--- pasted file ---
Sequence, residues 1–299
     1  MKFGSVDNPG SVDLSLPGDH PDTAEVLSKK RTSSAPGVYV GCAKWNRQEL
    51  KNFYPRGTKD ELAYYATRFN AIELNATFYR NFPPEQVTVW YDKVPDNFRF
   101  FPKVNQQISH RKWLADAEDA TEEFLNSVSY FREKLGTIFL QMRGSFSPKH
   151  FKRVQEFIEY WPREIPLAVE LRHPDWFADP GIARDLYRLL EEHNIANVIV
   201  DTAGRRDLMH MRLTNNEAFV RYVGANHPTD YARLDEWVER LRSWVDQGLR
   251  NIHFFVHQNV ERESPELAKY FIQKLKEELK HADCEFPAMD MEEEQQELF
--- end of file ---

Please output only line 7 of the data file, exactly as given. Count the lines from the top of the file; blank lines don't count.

   251  NIHFFVHQNV ERESPELAKY FIQKLKEELK HADCEFPAMD MEEEQQELF